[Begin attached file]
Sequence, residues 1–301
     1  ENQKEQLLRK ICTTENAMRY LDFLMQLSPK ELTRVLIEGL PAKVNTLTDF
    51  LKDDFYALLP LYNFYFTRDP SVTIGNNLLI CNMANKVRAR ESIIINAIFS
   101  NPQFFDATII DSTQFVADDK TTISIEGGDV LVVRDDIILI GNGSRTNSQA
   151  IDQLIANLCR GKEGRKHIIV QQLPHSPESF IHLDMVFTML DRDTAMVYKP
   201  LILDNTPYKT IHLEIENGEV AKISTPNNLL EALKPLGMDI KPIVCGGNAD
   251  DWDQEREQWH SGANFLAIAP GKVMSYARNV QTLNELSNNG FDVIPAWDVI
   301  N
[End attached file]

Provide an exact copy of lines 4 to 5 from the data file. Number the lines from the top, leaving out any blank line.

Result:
   101  NPQFFDATII DSTQFVADDK TTISIEGGDV LVVRDDIILI GNGSRTNSQA
   151  IDQLIANLCR GKEGRKHIIV QQLPHSPESF IHLDMVFTML DRDTAMVYKP